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Seafarer’s hazardous life on board car carriers

While people enjoy driving their cars, transporting automobiles as cargoes on board vessels have a toll on a seafarer’s health

While people enjoy driving their cars, transporting automobiles as cargoes on board vessels have a toll on a seafarer’s health.

Most seafarers live and work under extremely hazardous conditions that cause serious short-term and long-term damage to health. In some cases, they are unknowingly exposed to conditions that could even be fatal.

The seafarer’s constant exposure to hazards such as chemicals (like benzene) and the varying temperature, coupled by stressful tasks, causes a plethora of illnesses.

Benzene, a known carcinogen, is colorless, sweet-smelling and is commonly used in the manufacture of petroleum products, such as gasoline, solvents, and crude oil.

It is also mainly used as a starting component in making other chemicals and materials including dyes, detergents, drugs, plastics, lubricants, nylon, rubber, pesticides, resins, and synthetic fibers.

Vessels that can have higher benzene exposure include petroleum oil or chemical tank ships; petroleum or chemical carriers; liquid cargo, flat/deck and open hopper barges; and liquid bulk tankers.

Benzene can cause a host of medical issues, including damage to reproductive organs and immune system, internal bleeding, aplastic anemia, myelodysplastic syndromes (MDS), acute myelogenous and cancer.

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In the case of Melchor Deocariza vs Fleet Mgt Services Phils, Inc. ( G.R. No. 229955, July 23, 2018), the Supreme Court awarded total permanent disability benefits to a seafarer (Chief Officer) afflicted with Aplastic Anemia brought about by chronic exposure to benzene.

To be considered as work-related, Aplastic Anemia should be contracted under the condition that there should be exposure to x-rays, ionizing particles of radium or other radioactive substances or other forms of radiant energy.

The company-designated physician pointed out that “exposure to benzene and its compound derivatives may predispose to development of such condition,” and that work-relatedness will depend on exposure to certain factors.

A cargo ship carries vehicles on its deck. (Shutterstock photo)

The employers denied liability by arguing that the cause of Deocariza’s illness was not work-related.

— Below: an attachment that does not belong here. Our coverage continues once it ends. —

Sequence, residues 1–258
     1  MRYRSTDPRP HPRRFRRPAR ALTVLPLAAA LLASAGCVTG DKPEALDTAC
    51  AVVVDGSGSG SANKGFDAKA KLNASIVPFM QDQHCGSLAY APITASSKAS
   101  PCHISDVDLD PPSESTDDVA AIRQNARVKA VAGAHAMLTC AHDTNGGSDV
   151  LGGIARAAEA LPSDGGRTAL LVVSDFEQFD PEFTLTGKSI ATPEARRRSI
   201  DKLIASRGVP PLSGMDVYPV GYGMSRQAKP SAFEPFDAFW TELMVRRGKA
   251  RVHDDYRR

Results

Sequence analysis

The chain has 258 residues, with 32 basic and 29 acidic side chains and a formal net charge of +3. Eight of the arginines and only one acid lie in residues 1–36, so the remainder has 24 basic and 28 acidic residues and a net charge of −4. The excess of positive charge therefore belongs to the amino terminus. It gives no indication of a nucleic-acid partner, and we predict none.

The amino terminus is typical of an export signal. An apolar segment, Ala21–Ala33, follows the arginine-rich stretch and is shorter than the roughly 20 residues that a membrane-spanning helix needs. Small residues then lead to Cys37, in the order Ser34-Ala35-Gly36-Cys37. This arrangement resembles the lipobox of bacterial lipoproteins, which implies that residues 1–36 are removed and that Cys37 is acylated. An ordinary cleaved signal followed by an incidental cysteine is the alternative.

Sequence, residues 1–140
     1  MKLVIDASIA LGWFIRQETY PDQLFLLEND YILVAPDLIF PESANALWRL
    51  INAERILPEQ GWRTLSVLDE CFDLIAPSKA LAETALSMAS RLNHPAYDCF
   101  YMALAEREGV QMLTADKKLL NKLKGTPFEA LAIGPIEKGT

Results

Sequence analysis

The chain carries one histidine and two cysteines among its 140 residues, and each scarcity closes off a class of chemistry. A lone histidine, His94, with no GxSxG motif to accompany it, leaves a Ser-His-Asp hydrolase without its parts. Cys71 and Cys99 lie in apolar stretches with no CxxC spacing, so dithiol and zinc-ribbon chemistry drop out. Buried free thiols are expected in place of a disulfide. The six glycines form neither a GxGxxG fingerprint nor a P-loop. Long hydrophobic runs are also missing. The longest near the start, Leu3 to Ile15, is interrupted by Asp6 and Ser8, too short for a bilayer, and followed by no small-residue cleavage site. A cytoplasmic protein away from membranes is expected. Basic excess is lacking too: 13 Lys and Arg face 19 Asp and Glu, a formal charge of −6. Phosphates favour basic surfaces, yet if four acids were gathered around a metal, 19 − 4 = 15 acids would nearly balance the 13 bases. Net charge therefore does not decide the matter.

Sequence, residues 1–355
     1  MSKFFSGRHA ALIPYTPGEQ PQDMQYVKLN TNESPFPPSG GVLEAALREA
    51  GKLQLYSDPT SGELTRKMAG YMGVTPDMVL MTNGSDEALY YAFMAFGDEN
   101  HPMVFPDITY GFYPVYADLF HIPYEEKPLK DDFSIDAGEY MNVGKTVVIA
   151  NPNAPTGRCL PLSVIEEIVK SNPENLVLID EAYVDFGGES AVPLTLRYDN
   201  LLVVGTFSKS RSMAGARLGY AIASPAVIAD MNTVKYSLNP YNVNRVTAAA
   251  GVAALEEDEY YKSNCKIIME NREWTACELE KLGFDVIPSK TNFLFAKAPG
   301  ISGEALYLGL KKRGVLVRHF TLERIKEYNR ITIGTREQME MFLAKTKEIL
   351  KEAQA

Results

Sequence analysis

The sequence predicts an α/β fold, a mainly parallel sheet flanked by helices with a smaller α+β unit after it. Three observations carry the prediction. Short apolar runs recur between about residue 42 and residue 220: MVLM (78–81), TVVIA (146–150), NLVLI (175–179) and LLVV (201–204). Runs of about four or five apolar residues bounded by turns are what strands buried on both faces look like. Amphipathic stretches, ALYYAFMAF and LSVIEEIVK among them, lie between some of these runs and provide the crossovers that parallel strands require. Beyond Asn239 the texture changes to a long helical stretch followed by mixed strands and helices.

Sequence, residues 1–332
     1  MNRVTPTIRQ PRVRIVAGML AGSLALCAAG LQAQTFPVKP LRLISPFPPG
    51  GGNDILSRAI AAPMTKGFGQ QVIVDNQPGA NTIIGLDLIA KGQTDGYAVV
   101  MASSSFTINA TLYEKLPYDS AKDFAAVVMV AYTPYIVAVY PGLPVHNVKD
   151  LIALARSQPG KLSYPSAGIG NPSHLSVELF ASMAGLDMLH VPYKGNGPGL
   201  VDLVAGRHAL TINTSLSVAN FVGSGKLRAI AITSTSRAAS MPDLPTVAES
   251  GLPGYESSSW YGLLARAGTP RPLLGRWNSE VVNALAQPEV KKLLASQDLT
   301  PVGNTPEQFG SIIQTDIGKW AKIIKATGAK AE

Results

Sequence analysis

They claimed that while the cars loaded on the vessel contained gasoline, which is said to have benzene elements, the cars’ engines were nonetheless always “OFF” during the voyage and turned “ON” only during the loading and unloading of the vehicles in the vessel.

They added that the seafarer could not have accumulated benzene elements in his body given that the vessel was equipped with many big exhaust fans that drive away the toxic fumes.

The Supreme Court disregarded the employers’ argument by noting that the use of safety gears in the performance of the seafarer’s duties did not foreclose the possibility of his exposure to such harmful chemical, given that he was in fact diagnosed with Aplastic Anemia brought about by chronic exposure to benzene.

As a general rule, the seafarers most affected by benzene are those who perform vessel maintenance and tank cleaning.

But the Court noted that the claimant actively supervised as Chief Officer the loading and unloading operations of cars/motor vehicles in every voyage that constantly exposed him to an atmosphere of cargoes with nearly 6,000 cars in just one voyage alone.

Benzene, an important component of gasoline, is emitted from the engines of these cars in the course of their loading and unloading.

The Chief Officer was constantly exposed to the hazards of benzene in the course of his employment. Studies show that since benzene is highly volatile and tends to evaporate quickly, exposure occurs mostly through inhalation without detection.

The seafarer’s illness is work-related as the reasonable link between the nature of his work as Chief Officer and the illness contracted during his employment was sufficiently established by substantial evidence with no showing that he was notoriously negligent in the exercise of his functions.

Seafarers ensure the safety of cargo ships before sailing. (Shutterstock photo)

The Supreme Court has consistently ruled that it is not necessary that the nature of the employment be the sole and only reason for the illness suffered by the seafarer for illness to be compensable.

It is sufficient that there is a reasonable linkage between the seafarer’s disease suffered and his work to lead a rational mind to conclude that his work may have contributed to the establishment or, at the very least, aggravation of any pre-existing condition he might have had. (Magsaysay Maritime Services v. Laurel, G.R. NO. 195518, March 20, 2013)

Atty. Gorecho heads the seafarers’ division of the Sapalo Velez Bundang Bulilan law offices. For comments, email [email protected], or call 09175025808 or 09088665786

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